In this special 3 part series ‘Designing and Building my Own Forever Home’, Frances will take you on her own Forever Home Journey. In this episode, Part 1 of the series, Frances outlines how she created the vision for her home along with how she researched and found her architect to design the home. This series is a wonderful insight, and personal story, warts and all, of how Frances designed and built her own Forever Home.
Episode 102: Designing and Building my Forever Home Part 1- The Vision and Finding an Architect
Frances’ Vision of Designing and Building her own Forever Home
Frances and her family needed a bigger home to cater for their changing needs – growing kids and a growing business. They also wanted to move closer to the beach. And more importantly, they wanted to contribute to improving the environment by creating their own energy-efficient sustainable home.
Frances and her partner, Neil, created the possibility of being able to design a highly energy-efficient, sustainable, and comfortable home, that was also visually appealing.
Critical criteria before starting
Site Orientation & Size
For Frances, finding a site with the correct orientation was critical. She personally didn’t like West/East, nor South orientation. They were looking either at a north or west-facing garden that would allow her to see a beautiful view of the sunset in the evening.
The size of the land was also a strong consideration, and ideally wanted something more than 700sqm.
It wasn’t just about being walking distance to the beach but also had to be walking distance to the local village, schools, and the train station.
In 2013, they found a site that also came with a very run-down home with no redeemable features, so the only real option was to knock down, design, and build.
Creating a brief
A. Written Brief
Their brief included:
- Energy efficiency goals and requirements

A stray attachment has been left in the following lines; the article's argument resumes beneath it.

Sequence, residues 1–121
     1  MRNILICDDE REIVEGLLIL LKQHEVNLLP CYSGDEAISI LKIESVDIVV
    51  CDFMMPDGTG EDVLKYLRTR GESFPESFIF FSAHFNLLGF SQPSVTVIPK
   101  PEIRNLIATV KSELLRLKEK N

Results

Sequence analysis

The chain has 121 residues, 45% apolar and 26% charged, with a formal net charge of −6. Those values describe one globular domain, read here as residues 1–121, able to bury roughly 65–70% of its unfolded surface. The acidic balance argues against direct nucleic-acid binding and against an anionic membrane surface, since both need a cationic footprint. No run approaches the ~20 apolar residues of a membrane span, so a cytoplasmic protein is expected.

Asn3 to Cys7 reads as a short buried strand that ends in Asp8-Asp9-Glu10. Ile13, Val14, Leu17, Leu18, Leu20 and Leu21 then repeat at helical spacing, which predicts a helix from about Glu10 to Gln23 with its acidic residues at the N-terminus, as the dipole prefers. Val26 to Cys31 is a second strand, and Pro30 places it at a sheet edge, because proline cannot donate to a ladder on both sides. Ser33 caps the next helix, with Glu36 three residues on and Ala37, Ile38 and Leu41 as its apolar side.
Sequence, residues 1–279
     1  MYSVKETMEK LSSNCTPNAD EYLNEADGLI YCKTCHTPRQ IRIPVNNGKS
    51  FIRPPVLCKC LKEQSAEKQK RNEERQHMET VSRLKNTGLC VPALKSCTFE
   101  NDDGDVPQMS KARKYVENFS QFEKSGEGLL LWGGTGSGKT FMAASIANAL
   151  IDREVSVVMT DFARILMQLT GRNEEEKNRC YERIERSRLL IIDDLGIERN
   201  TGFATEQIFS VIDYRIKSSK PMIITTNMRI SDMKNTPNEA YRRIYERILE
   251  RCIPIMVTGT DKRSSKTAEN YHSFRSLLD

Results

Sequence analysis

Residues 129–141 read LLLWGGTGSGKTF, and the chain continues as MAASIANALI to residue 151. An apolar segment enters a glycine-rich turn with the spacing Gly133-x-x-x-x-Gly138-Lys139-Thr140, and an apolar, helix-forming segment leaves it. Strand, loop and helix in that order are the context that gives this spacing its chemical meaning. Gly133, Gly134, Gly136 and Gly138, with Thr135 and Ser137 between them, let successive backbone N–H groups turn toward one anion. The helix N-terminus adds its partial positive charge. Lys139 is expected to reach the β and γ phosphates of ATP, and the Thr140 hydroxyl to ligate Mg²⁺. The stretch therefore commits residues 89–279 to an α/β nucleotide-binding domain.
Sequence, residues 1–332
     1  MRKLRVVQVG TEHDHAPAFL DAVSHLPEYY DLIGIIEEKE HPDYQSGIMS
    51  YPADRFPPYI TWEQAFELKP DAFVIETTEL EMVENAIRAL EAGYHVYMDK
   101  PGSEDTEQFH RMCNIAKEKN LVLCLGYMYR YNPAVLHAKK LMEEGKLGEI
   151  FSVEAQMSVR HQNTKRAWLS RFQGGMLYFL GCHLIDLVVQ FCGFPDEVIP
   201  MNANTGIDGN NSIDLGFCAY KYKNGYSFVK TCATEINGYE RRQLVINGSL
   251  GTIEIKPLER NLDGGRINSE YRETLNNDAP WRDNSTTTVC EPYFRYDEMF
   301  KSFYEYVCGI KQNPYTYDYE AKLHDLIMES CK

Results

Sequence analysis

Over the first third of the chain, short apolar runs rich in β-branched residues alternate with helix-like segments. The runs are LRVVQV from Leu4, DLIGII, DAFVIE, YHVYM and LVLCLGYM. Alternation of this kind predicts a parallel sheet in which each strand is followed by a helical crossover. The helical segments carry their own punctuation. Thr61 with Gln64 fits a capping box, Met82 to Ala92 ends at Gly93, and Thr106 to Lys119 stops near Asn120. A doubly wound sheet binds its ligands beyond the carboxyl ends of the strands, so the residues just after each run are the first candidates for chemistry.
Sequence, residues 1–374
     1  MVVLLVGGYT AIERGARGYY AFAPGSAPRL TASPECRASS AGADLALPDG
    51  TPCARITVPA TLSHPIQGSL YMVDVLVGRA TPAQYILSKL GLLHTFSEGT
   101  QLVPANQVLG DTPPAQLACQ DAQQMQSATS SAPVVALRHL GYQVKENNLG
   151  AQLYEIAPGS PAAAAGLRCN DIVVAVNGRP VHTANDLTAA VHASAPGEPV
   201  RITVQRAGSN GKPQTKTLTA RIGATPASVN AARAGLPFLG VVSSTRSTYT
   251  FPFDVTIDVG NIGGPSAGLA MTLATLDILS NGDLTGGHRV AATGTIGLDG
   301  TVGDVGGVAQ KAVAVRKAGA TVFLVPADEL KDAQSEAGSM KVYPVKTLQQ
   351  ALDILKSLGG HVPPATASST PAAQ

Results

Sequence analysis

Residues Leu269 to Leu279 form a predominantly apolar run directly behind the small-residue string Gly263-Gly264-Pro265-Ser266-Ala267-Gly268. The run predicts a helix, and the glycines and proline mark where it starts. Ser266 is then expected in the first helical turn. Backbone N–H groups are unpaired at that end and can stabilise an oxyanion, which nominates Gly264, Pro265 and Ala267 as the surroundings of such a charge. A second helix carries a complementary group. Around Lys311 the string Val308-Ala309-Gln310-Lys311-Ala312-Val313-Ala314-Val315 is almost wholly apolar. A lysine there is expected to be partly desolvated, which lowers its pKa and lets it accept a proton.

- Minimum star rating
- Had to meet local council planning regulations so they don’t need a planning permit
- Designed to the orientation of the site
- Outdoor requirements such as pool, veggies, and trampoline
B. Pictorial Brief
Frances had a folder of all the images of houses that she and her partner love. Their aspirational dream home is the Kaufmann House in Palm Springs
C. Landscape Brief
An Australian Native Garden and other plants that are indigenous to the area.
- Grassed area for the kids to play
- Space for the trampoline
- Additional energy efficiency consultants
- Modeling how to increase the star rating
- Blower tests to measure air leakage in the home
Finding the architect
Finding an architect was a real challenge because of the specific energy efficiency requirements.
Process to find designer
- Formulated a set of questions to ask the architects, particularly around how they design for energy efficiency.
- A few key questions allowed them to know if knowledge was sufficient to design beyond the ‘norm’ on energy efficiency.
- Interviewed 6 architects and selected one based on solid energy efficiency knowledge yet wasn’t as creative as some of the others.
- Had they been building their home in 2021 and not 2013, the skills and expertise that have evolved over this time have meant that there are a lot of choices available now than then, and many compromises had to be made in 2013 due to lack of expertise and availability of materials.
Becoming a qualified passive house consultant
Neil did a lot of research on options for rain catchment, new technologies, and materials coming into Australia, inground tanks, solar panels, and in the end, he became a qualified passive house consultant.
His knowledge allowed them to challenge the status quo and bring in new technologies and materials that otherwise would not have been specified.
They knew from the outset that they would focus their budget on getting the structure of the build right for maximum energy efficiency (eg, items not able to be retrofitted). This focused on the bones of the building (insulation, windows, materials).
They had to ensure that they could build the most energy-efficient house within their budget. So, they opted to save money on the interiors and areas that could be changed later.
Selling the current home unexpectedly
Partway through the design phase, plans changed and the current home they were living in had to be sold, which was not part of the plan.
It turned out it created an unexpected windfall, and meant they were able to install some special extras they would not have been able to, had the current home not been sold prior to the build completion.
Things will be thrown at you during the design and build that is not part of your plan, however, these may work to your advantage. Find and see curve balls that are thrown your way as opportunities as it may give you a better outcome.
Stick to your core values. Frances and her family wanted to make a difference on the planet and be able to create something that they are proud of. So even with limited options, they pushed through with their goal and that is to create an energy-efficient home.
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